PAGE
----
(The following is being syndicated from An A-Blog for A-Rod)
As the Yankees continue down their path of self-imposed penny pinching, focusing on the big picture and future benefits of cutting payroll for 2014 rather than the immediate benefits of signing someone like Roy Oswalt or Hiroki Kuroda, we Yankee fans and distinguished members of the Yankee blogosphere suddenly find ourselves in some unfamiliar territory. By now we are (or should be) used to the Yankees not always getting their man during Hot Stove season. But to see them take a backseat approach to the offseason proceedings and not really attempt to get any man or even make other teams think that they’re trying to get their man? That’s Dimension X-level weirdness to many, and it’s already starting to get to some of us.
Because we know the Yankees have needs. They aren’t glaring needs, but any relatively smart Yankee fan knows that this team has needs, mainly another big-time starter. Cash himself came out and openly admitted that to us at his year-end press conference when he name dropped improving the rotation. Sure, bringing back CC was a great move, and Freddy provides depth, but did bringing back 40% of 2011′s rotation to join up with the remaining 60% really make the 2012 rotation any BETTER? Probably not. And we’ve been conditioned to expect big things when the Yankees make it known what their target areas of need are. But this offseason we’ve seen them content to linger in the background, seemingly ignoring the very holes in their roster that Cash admitted they have while those who could conceivably fill those holes are snatched up by the competition. This is frustrating.
The frustration, almost certainly rooted in our being conditioned to expect the Yankees to always get their guy, is understandable to a degree. With the resources and money at their disposal, there is no reason that the Yankees couldn’t have snatched up both C.J. Wilson and Yu Darvish, continued to pursue guys through a trade, and build a brand new mega-rotation. But the Yankees appear to have decided to re-allocate their resources, namely the ones with the $ signs, and plan for the future rather than address the present. It’s not a familiar strategy for us as fans to see play out. New CBA or not, the Yankees are still the biggest dog in the uncapped MLB yard, and they shouldn’t be letting the smaller, weaker dogs come up and steal their Kibble. But that appears to be the path they’re planning to take to achieve their future goals, which means we could have to get used to this kind of offseason for the next few years.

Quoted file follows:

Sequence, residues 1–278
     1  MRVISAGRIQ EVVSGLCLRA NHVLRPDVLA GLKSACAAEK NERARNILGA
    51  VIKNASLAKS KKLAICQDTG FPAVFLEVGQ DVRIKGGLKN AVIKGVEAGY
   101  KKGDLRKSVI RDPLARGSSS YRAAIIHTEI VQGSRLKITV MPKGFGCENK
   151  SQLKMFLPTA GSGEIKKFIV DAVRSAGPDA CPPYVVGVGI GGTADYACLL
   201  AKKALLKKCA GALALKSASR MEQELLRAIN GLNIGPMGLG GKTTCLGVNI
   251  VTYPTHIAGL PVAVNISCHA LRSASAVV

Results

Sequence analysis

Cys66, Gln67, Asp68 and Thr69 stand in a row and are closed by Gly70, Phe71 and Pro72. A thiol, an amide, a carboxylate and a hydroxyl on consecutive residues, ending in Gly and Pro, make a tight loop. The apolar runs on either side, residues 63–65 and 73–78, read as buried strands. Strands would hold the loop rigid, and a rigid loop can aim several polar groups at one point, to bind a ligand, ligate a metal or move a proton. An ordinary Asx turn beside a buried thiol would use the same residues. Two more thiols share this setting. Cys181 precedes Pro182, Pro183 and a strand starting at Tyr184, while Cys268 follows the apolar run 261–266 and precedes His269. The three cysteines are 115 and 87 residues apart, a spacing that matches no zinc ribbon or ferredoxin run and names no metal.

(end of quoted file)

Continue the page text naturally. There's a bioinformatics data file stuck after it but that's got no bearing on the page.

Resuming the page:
On the positive side, in focusing so much on controlling costs and moving further away from the quick-trigger, free-wheeling spending days of the early 2000s, the Yankees are setting the stage for their latest crop of young homegrown talent to step up and establish themselves, and that should be fun to watch. With Bernie and Andy and Jorge gone, and Jeter and Mo closer to the ends of the playing careers than their primes, the core of the most recent dynasty is almost gone. Now we get to see who can step up and replace them, who can live up to the hype, who can fly under the radar and surprise us, and who can start to build the foundation to the next great Yankee dynasty.
Will Manny Banuelos replace Andy as the big-game lefty in the rotation? Will Mason Williams blossom into a new generation Bernie Williams 2.0? We don’t know. But what we do know is that the Yankees aren’t trading all these young assets off like baseball cards to fill the holes they don’t fill through free agency anymore. And if the Yankees aren’t going to be the big spenders on the block for the foreseeable future, and aren’t going to trade their youth for a quick fix, they are going to have to fill holes from within, which means it’s very likely that many of these guys are going to get a real shot to become the next generation of Yankee greats.
It’ll suck if the Yankees continue to be bystanders during the next few offseasons, no doubt. But to be able to witness the potential beginning of the next generation of homegrown Yankee stars isn’t a bad trade-off. And while offseasons might not be quite as exciting as we’re used to while the cash isn’t being thrown around, the infuse of young talent and all the possibilities that lie with it should ensure that the next few seasons are exciting.
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